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Oiling the cogs that fuel agriculture

“We get the agricultural market,” says Joe Mahlo, general manager commercial at Engen, but that’s only part of the reason why the oil company has had an almost 40-year relationship with Grain SA’s Nampo Harvest Day. GAVIN MYERS finds out more.

It’s common knowledge that agriculture is one of the most technologically advanced industries today. One need only look at the eye-opening array of machinery on display at Nampo each year. For Engen, keeping pace with this development is not negotiable.

“As new equipment comes into the market, more stringent specs are required. There are fewer and fewer machines that run 500-ppm diesel. Some require up to 10 ppm,” Mahlo explains.

It is for this reason that, last year, Engen invested “an enormous amount of money” to upgrade its refinery to produce the required spec of fuel ahead of legislation. “We are ready for the demand,” says Mahlo, adding that the company is in the process of migrating to supplying only 50 ppm.

While diesel is the product most supplied by Engen to the agricultural sector, its lubricants are also in high demand. Its Dieselube 700, explains Mahlo, holds the largest market share of a specific product across diesel engines.

“The standard of our lubricants is driven by the requirements of the original equipment manufacturers, as well as the research and development of our parent company, Petronas. It has research centres around the world, and one will be opened in South Africa in the next couple of years,” he notes.

“Therefore, when new machinery comes into the country, our products are already pre-certified to be used in that machinery. This also means that the customer knows that our products are good to use,” he continues.

Naturally, all these products – and more – were on display at the Engen pavilion at Nampo.

“The big attraction is the showcasing of our technology and products. There is, however, another attraction that takes a more nostalgic approach,” Mahlo smiles.

He’s referring to the Engen Tractor Museum, which is always a hit attraction with visitors to the stand.

“It’s amazing to see some of the equipment from over the years… The museum is an Engen initiative; it was started by an employee who was quite an enthusiast. He renovated the equipment and we thought supporting the initiative would be a contribution to the industry. The visitors find it very nostalgic,” he says.

For the younger crowd, a racing simulator created a bit of a buzz.

Mahlo is keen to point out, though, that the scope of Engen’s involvement in the agricultural industry is not limited to supplying the necessary products and ensuring its heritage remains for generations to come.

“When there are issues threatening the success of the industry, we participate where we can. These include the recent droughts in the Western Cape, North West and Free State provinces.

“At the moment, the best way to support the industry is through drought relief. We work with the affected customers and associations and have been providing water, sponsorship for the farmers and workers, and so on. Currently, we are providing water tankers in the Free State and are spreading this initiative across the country.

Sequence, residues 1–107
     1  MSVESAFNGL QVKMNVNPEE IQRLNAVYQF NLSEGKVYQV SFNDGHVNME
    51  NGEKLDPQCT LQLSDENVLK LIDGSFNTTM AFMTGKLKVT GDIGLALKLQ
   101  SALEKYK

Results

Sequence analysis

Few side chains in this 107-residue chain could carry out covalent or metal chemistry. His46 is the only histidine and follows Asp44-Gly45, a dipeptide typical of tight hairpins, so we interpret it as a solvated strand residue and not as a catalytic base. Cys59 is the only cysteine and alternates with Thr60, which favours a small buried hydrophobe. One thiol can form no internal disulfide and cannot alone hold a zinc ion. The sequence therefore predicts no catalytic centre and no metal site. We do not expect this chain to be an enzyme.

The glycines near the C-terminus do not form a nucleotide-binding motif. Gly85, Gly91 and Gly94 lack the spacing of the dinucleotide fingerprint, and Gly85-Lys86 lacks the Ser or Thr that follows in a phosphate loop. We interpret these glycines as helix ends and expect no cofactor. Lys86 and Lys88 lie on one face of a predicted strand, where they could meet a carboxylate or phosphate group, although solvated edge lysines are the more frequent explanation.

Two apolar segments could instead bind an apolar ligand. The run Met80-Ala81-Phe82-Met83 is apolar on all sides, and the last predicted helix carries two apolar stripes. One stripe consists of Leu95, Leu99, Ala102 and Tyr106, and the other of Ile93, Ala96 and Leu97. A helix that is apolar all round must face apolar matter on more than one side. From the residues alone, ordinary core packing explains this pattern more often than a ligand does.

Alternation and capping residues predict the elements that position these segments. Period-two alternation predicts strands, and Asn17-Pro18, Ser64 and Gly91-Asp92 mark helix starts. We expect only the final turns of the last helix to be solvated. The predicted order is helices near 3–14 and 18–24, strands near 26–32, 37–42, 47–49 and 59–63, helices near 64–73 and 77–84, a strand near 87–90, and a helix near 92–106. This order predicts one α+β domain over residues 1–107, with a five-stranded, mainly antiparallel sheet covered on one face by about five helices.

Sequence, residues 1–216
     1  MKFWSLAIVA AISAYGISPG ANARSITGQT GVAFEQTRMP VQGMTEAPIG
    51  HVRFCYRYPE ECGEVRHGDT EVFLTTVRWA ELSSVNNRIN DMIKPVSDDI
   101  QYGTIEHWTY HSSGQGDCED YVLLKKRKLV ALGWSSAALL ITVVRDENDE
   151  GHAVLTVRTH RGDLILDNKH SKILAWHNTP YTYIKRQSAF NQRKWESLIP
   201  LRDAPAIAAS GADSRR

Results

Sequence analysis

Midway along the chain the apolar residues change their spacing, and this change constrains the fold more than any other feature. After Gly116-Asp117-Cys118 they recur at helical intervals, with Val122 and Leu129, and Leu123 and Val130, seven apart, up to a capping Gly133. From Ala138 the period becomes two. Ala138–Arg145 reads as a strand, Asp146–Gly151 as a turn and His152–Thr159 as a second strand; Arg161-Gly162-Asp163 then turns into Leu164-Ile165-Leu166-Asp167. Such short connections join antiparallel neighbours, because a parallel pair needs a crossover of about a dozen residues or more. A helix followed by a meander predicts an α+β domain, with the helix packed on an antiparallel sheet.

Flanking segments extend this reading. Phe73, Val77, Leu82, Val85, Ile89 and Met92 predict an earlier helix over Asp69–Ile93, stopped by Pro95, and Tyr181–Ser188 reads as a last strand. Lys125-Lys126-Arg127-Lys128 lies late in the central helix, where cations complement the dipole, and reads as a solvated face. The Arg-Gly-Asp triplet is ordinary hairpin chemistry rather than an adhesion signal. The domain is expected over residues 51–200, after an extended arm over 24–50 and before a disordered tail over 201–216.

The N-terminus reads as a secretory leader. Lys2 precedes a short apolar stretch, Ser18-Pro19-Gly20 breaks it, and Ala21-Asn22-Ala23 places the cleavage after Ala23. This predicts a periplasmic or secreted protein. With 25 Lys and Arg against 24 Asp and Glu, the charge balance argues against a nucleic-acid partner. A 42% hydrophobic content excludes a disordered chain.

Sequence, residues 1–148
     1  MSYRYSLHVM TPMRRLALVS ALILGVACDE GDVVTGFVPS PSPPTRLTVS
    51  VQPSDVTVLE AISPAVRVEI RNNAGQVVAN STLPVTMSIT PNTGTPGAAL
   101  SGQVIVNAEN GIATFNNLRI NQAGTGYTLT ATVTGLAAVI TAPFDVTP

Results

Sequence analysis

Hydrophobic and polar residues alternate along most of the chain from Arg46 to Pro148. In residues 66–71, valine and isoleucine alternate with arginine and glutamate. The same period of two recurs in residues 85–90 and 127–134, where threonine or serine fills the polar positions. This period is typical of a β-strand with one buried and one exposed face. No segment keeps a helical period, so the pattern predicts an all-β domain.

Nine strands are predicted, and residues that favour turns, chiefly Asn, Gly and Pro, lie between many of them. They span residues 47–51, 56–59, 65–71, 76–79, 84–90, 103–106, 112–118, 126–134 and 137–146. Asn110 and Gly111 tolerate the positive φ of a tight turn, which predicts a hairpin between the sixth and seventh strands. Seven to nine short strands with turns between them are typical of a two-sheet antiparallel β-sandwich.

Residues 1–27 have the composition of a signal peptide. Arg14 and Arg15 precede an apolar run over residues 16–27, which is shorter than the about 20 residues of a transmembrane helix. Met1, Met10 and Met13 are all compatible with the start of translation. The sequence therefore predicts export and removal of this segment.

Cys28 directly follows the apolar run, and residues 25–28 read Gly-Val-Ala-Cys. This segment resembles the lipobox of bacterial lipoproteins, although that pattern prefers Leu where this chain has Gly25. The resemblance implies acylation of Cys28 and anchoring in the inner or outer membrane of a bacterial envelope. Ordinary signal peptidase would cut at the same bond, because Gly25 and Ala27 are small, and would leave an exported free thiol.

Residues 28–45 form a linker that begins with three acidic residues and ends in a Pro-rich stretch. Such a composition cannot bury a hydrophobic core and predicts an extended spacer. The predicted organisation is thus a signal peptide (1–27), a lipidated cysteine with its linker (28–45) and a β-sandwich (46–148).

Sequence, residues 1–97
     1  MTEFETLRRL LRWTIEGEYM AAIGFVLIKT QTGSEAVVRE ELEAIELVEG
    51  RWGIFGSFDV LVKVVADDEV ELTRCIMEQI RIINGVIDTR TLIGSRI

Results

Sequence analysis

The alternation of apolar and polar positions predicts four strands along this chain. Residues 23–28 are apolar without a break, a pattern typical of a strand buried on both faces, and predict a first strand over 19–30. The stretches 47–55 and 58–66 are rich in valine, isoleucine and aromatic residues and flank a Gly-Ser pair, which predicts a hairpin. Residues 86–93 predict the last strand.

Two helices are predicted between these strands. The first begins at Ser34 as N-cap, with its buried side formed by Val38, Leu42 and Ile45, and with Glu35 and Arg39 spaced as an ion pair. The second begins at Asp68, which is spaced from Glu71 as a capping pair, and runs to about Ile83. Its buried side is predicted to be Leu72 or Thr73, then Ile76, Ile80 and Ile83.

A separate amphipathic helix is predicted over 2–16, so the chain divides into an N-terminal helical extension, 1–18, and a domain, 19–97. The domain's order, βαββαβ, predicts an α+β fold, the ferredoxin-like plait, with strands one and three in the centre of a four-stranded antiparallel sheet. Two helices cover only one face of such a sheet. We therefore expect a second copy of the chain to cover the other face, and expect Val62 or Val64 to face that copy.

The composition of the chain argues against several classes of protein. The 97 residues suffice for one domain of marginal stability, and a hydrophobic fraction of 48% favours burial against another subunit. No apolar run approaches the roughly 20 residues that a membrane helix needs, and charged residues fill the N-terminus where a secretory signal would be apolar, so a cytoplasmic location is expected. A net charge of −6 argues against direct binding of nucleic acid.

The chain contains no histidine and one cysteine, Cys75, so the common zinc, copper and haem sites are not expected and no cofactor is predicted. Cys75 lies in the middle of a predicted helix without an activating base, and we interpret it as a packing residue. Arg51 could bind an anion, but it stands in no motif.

“We are a part of the community and therefore provide support. Anyone can just do a transaction … but there’s great value in actually being part of the community; in this way we can understand the needs of the industry a lot better,” Mahlo explains.

He adds that this has meant that Engen is one of the few remaining big oil companies in these regions. “Most of the main oil companies left the rural areas, but, for a long time, we have partnered with local operations to make sure that the products they supply are of the right quality. We would like to expand that model.

“Our success is, therefore, partly because of the alignment of our objectives with those of the agricultural community,” Mahlo observes.

He adds that there are not too many opportunities to meet the who’s who of the South African agricultural community.

“Agriculture is a key sector for us, and, for as long as this is the case, we will continue to support Nampo. One thing I love about Nampo is that the discussions that take place show that the industry is not shy to tackle controversial issues.

“You’ll also never find a more concentrated target market. Everyone at Nampo has an interest in some aspect of the industry. They go there to look at the latest trends and they are mainly decision-makers, so for us, as a supplier to the industry, it’s very important to be there.”

It’s clear that Engen’s long association with the local agricultural industry will continue for the foreseeable future.

My life has always revolved around anything with wheels and an engine. It doesn’t matter if its an old banger, the latest hot-hatch or a fancy 4×4 – any excuse is a good excuse to take it for a cruise, spank it at the track or go bundu-bashing (the mud-and-rocks-side-of-a-mountain type, not the exploring-Joburg’s-pavements type). Otherwise, chances are you’ll find me lying underneath one of my beloved toys or with my head buried in its engine bay, tinkering away.

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